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A fan curve is a chart or graph with cfm on 1 axis and static pressure on the other. With it you can calculate the true airflow of any configuration of pipe. Without it you cannot.

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Originally Posted by Wyo7200 View Post
I'm not sure one exists for the unit without calling them. I'll have to find the DC comparison article I read a while ago when researching the larger unit I had and see if they tested this one. It's been some time....

This is a link to the specs- https://d27ewrs9ow50op.cloudfront.ne...s/w1826_ds.pdf
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post #9 of 14 Old 03-13-2016, 01:35 PM Thread Starter
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I'm aware of what the fan curve is. Have searched the depths of Google and have not seen any.
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post #10 of 14 Old 03-13-2016, 05:32 PM
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Overthinking this I think...

You have a single stage DC, the most basic type, a blower with a bag over the exhaust. No need to run fan curves and such in my opinion. It's just not very efficient in the first place. I would just hook the inlet to the machine directly and catch the dust in the bag OR blow it outdoors.

I experimented hooking my single stage DC to my planer to collect the chips and it work well enough. Obviously, with a planer the chips build up very quickly and you need to clean the bag more often.


The answer to your question will only be as detailed and specific as the question is detailed and specific. Good questions also include a sketch or a photo that illustrates your issue. (:< D)
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post #11 of 14 Old 03-13-2016, 08:05 PM
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Not a direct answer to OP....as with a lot of shop subjects,we each have different G&O's(goals/objectives).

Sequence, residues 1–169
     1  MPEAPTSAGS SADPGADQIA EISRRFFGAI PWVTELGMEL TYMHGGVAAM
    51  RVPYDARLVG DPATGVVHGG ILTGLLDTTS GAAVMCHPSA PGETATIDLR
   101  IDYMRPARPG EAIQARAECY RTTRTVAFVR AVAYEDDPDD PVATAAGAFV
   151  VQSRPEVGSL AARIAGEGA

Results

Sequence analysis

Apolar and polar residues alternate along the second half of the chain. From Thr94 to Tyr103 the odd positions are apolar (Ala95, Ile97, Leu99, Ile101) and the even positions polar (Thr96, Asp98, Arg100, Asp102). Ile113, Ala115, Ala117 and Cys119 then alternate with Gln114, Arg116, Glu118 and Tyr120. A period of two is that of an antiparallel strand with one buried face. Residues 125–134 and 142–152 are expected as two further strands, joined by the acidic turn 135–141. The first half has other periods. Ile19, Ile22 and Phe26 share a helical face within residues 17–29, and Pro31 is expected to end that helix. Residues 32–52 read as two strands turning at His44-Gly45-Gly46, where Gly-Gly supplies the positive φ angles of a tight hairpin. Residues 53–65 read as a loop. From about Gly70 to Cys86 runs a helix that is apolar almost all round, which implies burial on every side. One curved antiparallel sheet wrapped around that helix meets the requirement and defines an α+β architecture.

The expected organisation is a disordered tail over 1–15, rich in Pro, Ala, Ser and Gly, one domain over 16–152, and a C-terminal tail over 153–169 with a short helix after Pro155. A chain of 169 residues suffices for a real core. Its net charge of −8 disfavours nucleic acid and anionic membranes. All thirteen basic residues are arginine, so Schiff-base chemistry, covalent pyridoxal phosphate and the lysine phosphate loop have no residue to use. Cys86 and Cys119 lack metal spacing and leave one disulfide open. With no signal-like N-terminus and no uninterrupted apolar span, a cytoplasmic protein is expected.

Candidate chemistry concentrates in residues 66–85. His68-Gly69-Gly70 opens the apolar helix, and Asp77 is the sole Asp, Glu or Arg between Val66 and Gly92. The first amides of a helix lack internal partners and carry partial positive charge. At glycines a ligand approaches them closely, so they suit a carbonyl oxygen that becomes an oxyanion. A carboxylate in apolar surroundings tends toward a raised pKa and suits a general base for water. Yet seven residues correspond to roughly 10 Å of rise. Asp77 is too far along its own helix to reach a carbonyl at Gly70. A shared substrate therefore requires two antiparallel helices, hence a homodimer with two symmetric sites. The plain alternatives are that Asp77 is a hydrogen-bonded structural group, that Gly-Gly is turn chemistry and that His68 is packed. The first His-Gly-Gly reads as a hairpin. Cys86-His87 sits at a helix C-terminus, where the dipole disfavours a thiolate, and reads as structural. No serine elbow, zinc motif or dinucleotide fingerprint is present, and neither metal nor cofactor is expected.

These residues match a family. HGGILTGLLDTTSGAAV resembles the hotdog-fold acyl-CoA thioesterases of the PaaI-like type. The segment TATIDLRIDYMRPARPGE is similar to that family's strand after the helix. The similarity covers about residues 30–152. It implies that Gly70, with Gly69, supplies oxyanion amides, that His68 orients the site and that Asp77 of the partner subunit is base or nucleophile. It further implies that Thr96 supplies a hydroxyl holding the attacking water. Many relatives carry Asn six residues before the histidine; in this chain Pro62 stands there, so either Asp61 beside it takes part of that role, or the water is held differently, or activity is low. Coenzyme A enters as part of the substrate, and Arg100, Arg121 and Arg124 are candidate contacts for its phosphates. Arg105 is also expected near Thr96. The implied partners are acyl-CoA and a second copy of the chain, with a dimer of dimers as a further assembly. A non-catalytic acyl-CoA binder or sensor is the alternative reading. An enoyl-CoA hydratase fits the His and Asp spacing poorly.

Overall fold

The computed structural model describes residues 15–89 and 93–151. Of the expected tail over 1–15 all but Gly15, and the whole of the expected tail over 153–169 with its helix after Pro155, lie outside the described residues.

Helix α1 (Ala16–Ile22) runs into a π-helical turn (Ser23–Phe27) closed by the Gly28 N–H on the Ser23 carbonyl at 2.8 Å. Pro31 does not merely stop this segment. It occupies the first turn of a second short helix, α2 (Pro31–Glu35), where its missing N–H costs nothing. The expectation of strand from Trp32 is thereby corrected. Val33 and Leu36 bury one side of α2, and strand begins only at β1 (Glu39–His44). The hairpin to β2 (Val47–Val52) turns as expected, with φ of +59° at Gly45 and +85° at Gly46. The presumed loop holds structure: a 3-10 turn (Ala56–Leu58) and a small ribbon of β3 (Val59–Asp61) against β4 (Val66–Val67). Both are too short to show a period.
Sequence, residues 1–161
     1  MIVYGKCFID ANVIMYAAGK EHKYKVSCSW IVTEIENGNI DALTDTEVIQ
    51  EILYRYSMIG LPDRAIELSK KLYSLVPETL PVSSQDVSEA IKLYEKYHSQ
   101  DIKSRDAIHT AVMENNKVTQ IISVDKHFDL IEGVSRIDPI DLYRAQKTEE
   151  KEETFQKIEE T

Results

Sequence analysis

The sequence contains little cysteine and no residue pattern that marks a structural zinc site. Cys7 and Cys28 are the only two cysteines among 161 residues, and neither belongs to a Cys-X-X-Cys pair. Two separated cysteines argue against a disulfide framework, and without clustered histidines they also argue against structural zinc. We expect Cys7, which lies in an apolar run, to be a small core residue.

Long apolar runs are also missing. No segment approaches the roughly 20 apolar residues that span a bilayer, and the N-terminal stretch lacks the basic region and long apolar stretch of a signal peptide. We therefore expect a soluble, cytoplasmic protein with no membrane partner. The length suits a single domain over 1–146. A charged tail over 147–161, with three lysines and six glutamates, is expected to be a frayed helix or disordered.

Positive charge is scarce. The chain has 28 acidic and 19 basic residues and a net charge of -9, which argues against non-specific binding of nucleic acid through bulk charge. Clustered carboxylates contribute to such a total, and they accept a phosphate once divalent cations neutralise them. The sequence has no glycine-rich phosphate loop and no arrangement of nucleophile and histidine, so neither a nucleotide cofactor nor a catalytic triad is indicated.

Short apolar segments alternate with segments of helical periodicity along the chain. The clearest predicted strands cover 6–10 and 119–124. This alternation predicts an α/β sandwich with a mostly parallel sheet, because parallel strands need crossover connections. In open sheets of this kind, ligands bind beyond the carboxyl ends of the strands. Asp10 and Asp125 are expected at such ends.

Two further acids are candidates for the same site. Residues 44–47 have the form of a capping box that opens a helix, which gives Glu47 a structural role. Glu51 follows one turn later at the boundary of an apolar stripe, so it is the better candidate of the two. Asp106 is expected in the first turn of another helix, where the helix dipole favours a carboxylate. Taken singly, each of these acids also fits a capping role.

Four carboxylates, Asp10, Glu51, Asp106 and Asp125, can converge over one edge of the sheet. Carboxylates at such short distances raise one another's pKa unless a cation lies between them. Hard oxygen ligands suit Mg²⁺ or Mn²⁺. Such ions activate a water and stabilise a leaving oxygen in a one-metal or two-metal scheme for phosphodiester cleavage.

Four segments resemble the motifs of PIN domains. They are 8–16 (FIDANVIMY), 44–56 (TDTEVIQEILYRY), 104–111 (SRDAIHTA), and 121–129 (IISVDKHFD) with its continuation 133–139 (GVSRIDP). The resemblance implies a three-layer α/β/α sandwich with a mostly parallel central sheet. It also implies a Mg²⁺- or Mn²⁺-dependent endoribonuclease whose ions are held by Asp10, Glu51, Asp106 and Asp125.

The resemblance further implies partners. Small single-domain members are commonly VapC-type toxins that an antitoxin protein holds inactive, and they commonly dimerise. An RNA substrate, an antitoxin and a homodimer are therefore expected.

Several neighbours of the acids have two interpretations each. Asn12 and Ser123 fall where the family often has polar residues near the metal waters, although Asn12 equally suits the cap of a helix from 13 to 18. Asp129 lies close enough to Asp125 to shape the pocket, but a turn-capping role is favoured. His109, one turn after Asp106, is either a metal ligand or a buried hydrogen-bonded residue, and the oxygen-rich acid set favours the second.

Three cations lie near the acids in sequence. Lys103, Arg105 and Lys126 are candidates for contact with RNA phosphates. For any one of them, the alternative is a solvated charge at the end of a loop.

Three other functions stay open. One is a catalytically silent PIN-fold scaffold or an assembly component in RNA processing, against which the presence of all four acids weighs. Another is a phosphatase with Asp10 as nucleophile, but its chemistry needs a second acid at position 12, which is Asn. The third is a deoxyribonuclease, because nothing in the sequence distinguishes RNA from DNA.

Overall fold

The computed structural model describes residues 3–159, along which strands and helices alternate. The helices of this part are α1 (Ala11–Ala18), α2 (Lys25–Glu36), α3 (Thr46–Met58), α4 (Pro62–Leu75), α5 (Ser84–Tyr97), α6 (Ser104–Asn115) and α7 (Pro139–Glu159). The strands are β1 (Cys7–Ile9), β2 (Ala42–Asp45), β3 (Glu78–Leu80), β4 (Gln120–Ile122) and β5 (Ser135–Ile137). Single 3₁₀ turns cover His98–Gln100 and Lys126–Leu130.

We're in the beginning stages(ha) of building a "Multi-clone".Even though they're still "cyclonic" by nature......they do infact fit into rectangular packaging.

Probably more effort than they're worth,unless.....we're talking about really fine particulates here.There's a correlation between cyclone diameter and particle size.Our last cyclone,that stayed here,has worked pretty durn good hooked up to a cpl edge sanders.It was/is designed for our vert panel saw though.But it's still exhausting into the shop...canister filter,yadayada.

Got tired of moving it from the sanders,where it's used almost everyday....to the once a week location on the panel saw.So,we're building a "better" system(multi-clone,with much smaller cycloneS),and venting outside.It has a line of 5 smaller diameter cyclones,all dumping into one collection bx. dedicated to 3 or 4 stationary sanders.The whole affair is housed in a rectangular "box".

Barronfan.com has a decent visual aide for multi-clones.Good luck with your project.

Those who say it cannot be done shouldn't interrupt the people doing it.
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post #12 of 14 Old 03-14-2016, 03:37 PM Thread Starter
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Multi-clone... Sweet!

With the unit mounted, I gave it a try at the chop saw. 12' of flexible 4" hose, exhausted into the bag. It performed pretty well... Better than nothing. Made a 2 1/2" reduction hose that is a foot long and on the end of 6' hose, sucked pretty good. I know It can't catch everything, but it is doing more than my shop vac did. Win.





I might just try a "collector" and see how it goes. I don't think blowing shavings from the router would go over very well with the neighbors.
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post #13 of 14 Old 03-23-2016, 11:33 PM Thread Starter
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I got the exhaust going outside. Suction at 2" in front of the 10' hose is 45-50 mph according to my wind gauge. Exhaust is 45 too and it is quite loud outside. It is high 70's db in the garage 5' away from from the unit.

Need some more attachment pieces and to build a test separator based off shop notes #55.
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post #14 of 14 Old 04-09-2016, 05:22 PM Thread Starter
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Before I started the box part, I wanted to see how much suction was lost by adding a chip separator. I don't want large chips pelting my neighbors house...

I came up with this idea, using a trash can from menard's. I routed the top so it pushes in and gives the can rigidity. I cut out 2 4" circles and attached the hose fittings. Tested without a baffle between the two at first, hoping the large chips would just fall but they went right from one hose to the next and through the machine and outside. A few pieces landed in the bottom. I tried a crude baffle between the two, and still it spit out the chips. I think I can build the separator box with confidence that I won't loose too much suction.